How ‘Kumbalangi Nights’ Set a Standard for Depicting Trauma?

Madhu C Narayanan’s directorial debut quickly became a film that marked a new era in Malayalam Cinema. A time before Kumbalangi Nights and a time after it. 2 years on, the film still runs hot in the audience’s veins. 

Many things still make their way into conversations – the incredible music, the stunning cinematography, and the award-worthy performances. But perhaps, the thing the film did spectacularly comes back to the air-tight script. 


The Trauma of It All 

Trauma is a familiar occupant of the screen. There have been countless depictions and interpretations of it, with therapized language becoming a staple now. Mental Health, Triggers, PTSD, Abuse, and much more have become topics that cinema freely talks about. But it is still a space that often gets it wrong. 

There is an offense that a chunk of cinema commits when it comes to depicting trauma. The trauma only centers around a single event, and its consequences are linear. There is a flashback, there are specific triggers and repeated expressions. Kumbalangi Nights manage to do the impossible, showing us it isn’t impossible at all. Trauma would not be a single event, even if it were initially borne from one. It does not have a straight and neat line of ugly consequences. Trauma for the brothers in Kumbalangi Nights isn’t a singular experience, it is their whole life. 

The reasons for their trauma are not given to us in dramatic reveals but in casual remarks and tearful confessions. They are parentless boys, despite having four parents between the four of them. This is not a box of triggers they can push away into the attic. The life they live, from where they sleep to who they fight with, is a direct result of what has happened to them. It isn’t easy to put such a whole experience on paper, but Syam Pushkaran does so flawlessly.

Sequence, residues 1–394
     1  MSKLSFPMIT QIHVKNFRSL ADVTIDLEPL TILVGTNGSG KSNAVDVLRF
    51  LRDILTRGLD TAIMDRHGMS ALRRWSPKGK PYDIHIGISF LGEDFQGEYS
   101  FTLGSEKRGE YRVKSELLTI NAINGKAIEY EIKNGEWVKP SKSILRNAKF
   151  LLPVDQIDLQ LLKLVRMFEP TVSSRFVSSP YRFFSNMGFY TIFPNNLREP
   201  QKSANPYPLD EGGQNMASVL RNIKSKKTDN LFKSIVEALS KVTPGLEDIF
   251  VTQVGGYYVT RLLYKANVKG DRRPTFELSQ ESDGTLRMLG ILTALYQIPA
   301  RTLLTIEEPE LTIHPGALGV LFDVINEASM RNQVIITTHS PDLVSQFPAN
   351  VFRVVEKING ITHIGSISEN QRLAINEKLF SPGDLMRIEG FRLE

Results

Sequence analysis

Trigger Warnings 

Like in any depiction of trauma, there are emotional triggers galore. The kind that creeps up out of nowhere and the kind that you can see coming from a mile away. They are layered and different, each one tailoring to another brother and his different psyche because even the same traumatic event affects its victims differently. 

For Bobby, played in a perfect drawl by Shane Nigam, the trigger comes in a joking question by his lover, eliciting quiet tears from him. It aligns perfectly with his experience, trauma that leaves him feeling unwanted and confused, the trauma he refuses to acknowledge as a guiding factor in his life. 

For Bonny, the mute ‘cool guy’ played by Sreenath Bhasi, the trauma drives him away from his family. It is the distance that he chooses, taking the outs that allow him to flourish away from the toxicity of their house with no door. He is only so far away that he can come back in a flash to check on them, but his trigger- the sight of fighting brothers, sends him back into the distance. 

For Franky, the resigned youngest brother played in earnest by Mathew Thomas, the pain of the past has nothing on pain of the present. It is now, in the home where the brothers cannot stop fighting enough to make breakfast and the home his elder brother cannot stand coming back to. This pain drives Franky, who hopes for a family that can sit together and eat together. 

In Saji, played in a masterclass by Soubin Shahir, the trauma reaches heartbreaking heights. This is the oldest brother, the man for whom the events of the past aren’t hazy but vivid realities. He is quick to anger, brash and lazy, but he is the oldest who will still show up to help his most annoying brother get the girl. The trauma is acknowledged as trauma by him, as he asks the youngest to take him to a therapist. As we watch him cry and wail on the doctor’s chest, having admitted his pain at being fatherless and an orphan, we see the oldest release a child’s pain. 

It is their whole life, this hurt. It is what makes these brothers who they are, as they live on unwanted land, in a house with no door. It is their Kumbalangi Nights, and as a brilliant team comes together to create a perfect film, we are invited intimately into the pain of being, and the joy of it.


Read More – Kumbalangi Nights (2019) Review

Kumbalangi Nights is a 2019 Drama Thriller film directed by debut director Madhu C Narayanan.

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Mareena Francis
Mareena Francis Parakkal is a 25-year-old writer and poet. She has written about film, people, places, and poetry across multiple platforms and hopes to continue doing so.

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